Weather feeds volatility
By Cathy Ekstrand
Just like water ebbs and flows, so do the markets, back and forth. How different the planting season has been this year compared with last year.
In 2012, we had a record planting pace and crop development, only to be stifled and set back by a drought of biblical proportions. In 2013, it seems to rain nearly every day, causing continued delays in planting and concerns over whether some crops will get planted at all.
I sometimes wonder what it would be like to be those people whose livelihood does not depend on weather, who watch the weather reports each day only to determine what to wear. They go about their jobs and their business, and whether it rains or not has little impact on their daily lives. Those of us in agriculture don’t have that luxury. We have no control over the weather and are certainly impacted by it.
It’s not enough that the weather affects our crop production efforts; it complicates our marketing efforts, too.
In an article this winter, I talked about how market advisers seemed to be talking out of both sides of their mouth (It’s not doublespeak: It’s reality). Advisers are bearish on the one hand, should the acres get planted and favorable weather occur causing inventory levels to catapult. And they are bullish on the other hand, should a drought occur leaving stocks tight and causing prices to soar.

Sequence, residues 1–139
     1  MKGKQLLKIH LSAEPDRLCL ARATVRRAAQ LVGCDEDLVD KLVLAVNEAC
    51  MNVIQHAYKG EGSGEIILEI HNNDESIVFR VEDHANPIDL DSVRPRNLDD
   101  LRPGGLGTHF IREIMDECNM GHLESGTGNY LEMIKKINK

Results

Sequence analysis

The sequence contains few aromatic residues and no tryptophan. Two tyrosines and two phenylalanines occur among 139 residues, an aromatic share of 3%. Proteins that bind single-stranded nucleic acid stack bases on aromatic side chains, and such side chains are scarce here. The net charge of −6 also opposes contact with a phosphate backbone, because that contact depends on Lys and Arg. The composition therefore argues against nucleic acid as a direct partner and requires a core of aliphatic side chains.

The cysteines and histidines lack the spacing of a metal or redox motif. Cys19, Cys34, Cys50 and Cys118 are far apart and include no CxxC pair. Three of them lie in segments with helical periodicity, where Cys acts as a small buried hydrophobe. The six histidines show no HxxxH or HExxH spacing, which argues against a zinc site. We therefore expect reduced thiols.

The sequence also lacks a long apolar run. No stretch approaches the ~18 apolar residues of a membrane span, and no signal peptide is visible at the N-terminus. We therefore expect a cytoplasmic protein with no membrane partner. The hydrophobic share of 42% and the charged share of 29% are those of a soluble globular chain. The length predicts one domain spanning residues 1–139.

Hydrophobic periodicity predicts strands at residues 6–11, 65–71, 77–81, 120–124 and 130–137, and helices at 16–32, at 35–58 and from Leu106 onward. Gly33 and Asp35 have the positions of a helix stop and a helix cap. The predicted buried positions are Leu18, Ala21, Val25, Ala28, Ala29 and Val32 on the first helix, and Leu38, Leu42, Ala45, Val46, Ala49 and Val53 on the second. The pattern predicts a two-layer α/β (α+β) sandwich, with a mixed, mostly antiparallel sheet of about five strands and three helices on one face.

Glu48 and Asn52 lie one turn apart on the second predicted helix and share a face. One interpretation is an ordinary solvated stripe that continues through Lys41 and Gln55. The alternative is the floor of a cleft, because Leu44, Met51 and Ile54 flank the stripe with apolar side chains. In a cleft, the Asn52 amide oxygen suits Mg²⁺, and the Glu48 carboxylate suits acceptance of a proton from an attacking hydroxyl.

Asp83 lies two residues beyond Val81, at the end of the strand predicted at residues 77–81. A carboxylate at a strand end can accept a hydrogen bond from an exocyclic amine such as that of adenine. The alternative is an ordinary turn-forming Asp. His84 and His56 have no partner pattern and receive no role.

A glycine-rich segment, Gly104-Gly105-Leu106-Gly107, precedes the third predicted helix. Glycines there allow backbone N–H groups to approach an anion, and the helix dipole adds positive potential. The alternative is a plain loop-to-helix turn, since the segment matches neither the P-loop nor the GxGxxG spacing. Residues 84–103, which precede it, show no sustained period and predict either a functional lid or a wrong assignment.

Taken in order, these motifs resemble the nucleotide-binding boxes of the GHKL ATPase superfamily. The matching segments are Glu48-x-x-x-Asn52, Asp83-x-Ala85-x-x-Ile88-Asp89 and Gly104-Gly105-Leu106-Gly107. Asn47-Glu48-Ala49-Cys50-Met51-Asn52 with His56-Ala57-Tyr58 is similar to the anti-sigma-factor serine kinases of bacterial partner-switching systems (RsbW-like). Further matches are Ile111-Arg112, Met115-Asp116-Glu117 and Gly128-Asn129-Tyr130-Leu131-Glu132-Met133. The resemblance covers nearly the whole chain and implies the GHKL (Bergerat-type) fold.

Needless to say, we are still in that boat. (No pun intended for those of us with too much water.) The next four to six weeks will be crucial to your marketing efforts.
From mid-June to mid-July, weather becomes more critical than any other time. It will make or break the crop. A few years back (2009) we had another slow, wet planting spring. That year, summer weather cooperated and we ended up with a bumper, record-breaking crop. So preparing for uncertainty is what producers must do every day, both in their production efforts and marketing efforts as well.
It’s understandable that you may be cautious forward pricing a lot of cash grain, especially since you’ll want to get it planted first. You might consider holding fixed risk hedge strategies through the next few months, which would allow you to establish a price floor and keep the upside open for pricing opportunities.
Keep in mind that in a weather market, prices will be volatile and the trend can change rapidly. It’s the market’s job to set prices based on supply and demand. Most years, the crops eventually get planted and, lo and behold, the yield is there come fall. When that happens, it’s hard to increase demand as prices rally. We may lose some yield and acres, but at some point higher prices choke demand as well – and so prices will yo-yo.